Flap reconstruction offers an autologous (your own tissue) reconstruction, and gives many of the benefits described in earlier posts, such as a soft and “natural” breast mound. Such flaps also are much better for those with a history of radiation, or those who will ultimately require postoperative radiation therapy following mastectomy. Autologous tissue flaps for breast reconstruction offer the best options for these purposes, until the possibility of reconstruction with stem cells becomes a reality. The conventional autologous flap reconstruction requires sacrificing a muscle to reconstruct the breast, either the latissimus dorsi or rectus abdominis muscle. Although popular and reliable procedures to accomplish the goal of breast reconstruction, some of the expected outcomes that coincide are increased pain and seroma formation, along with functional deficits, weakness, and increased rates of hernias/bulges in the areas where the muscle was taken.
Perforator flaps have come to the forefront of plastic & reconstructive surgery due to their decreased morbidity, decreased recuperation time, and increased aesthetic results. This is due in part since they are muscle-sparing procedures, which subsequently maintain muscle function and do not have any morbidity associated with sacrificing of muscles, such as those described previously. Since these types of flaps are technically challenging and more complex, microsurgical expertise is required and as such, very few plastic surgeons in the United States are skilled enough to perform these perforator flaps successfully. In addition to the elaborate dissection of these flaps, albeit tedious, the flap must be reanastomosed under a microscope to blood vessels in the nearby recipient site.
Although a poplar procedure elsewhere in the world, patients in the U.S. often must travel far to find a surgeon capable of performing these perforator flaps, such as the DIEP, SIEA, SGAP, TUG, or ALT flap (DIEP – abdominal skin/tissue only; SIEA – abdominal skin/tissue only; SGAP – buttock skin/tissue only; TUG – groin skin/tissue only; ALT – lateral thigh skin/tissue only). These flaps spare muscle and are arguably the best reconstructive options that we have today. To find a surgeon near you who perform such free tissue transfer breast reconstructions, see the links provided to the right.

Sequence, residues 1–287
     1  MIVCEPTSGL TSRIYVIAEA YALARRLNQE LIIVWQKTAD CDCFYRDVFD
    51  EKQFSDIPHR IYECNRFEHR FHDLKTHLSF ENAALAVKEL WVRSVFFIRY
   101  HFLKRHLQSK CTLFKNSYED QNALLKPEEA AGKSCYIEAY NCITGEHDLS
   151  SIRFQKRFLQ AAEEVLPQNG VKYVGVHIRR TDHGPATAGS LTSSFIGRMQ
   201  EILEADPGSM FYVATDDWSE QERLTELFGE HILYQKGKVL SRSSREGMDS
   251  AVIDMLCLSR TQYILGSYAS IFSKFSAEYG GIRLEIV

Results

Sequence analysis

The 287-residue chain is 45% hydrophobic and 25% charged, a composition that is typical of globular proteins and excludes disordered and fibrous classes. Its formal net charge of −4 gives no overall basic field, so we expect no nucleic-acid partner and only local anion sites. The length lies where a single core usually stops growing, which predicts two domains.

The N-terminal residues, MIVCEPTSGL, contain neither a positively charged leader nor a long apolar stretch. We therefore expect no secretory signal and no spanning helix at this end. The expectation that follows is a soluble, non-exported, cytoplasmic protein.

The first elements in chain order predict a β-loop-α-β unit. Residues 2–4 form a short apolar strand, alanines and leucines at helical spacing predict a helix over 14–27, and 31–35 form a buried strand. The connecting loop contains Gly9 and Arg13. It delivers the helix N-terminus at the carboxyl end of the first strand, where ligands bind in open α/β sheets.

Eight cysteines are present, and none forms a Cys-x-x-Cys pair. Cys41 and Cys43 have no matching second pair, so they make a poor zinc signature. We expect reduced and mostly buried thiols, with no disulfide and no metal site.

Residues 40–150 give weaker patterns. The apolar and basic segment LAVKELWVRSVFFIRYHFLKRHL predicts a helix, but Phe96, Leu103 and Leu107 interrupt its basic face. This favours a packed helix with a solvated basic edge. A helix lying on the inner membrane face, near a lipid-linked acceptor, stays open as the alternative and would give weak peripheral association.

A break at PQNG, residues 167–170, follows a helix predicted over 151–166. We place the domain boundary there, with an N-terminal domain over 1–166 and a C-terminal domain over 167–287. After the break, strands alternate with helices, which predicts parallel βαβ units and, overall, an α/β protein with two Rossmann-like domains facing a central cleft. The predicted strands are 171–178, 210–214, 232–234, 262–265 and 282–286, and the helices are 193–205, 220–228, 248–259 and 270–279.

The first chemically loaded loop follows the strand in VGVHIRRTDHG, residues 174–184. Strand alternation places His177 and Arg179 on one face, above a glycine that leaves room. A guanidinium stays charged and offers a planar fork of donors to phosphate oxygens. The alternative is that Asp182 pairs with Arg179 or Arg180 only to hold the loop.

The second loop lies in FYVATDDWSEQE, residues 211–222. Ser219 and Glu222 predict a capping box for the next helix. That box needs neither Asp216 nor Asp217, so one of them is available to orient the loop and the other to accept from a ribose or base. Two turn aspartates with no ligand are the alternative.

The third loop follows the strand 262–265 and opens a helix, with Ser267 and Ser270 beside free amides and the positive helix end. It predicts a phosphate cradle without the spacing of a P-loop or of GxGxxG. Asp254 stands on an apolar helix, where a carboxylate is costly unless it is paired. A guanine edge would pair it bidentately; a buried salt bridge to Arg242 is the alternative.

Breast reconstruction does not delay treatment for your cancer, if necessary, such as chemotherapy or radiation therapy. Literature shows no increase in recurrence rate or survival rate nor any decreased ability to diagnose such cancers. n fact, the most recent literature has even shown a decreased recurrence rate with immediate breast reconstruction. With all of this in mind, as well as knowing the the superior aesthetic results that are associated with immediate breast reconstruction (reconstruction performed at the same time as your mastectomy), I recommend discussing all of your breast reconstruction options with a plastic surgeon who specializes in breast reconstruction before your mastectomy procedure…please refer to my earliest posts on breast reconstructive options and understanding all of your options.
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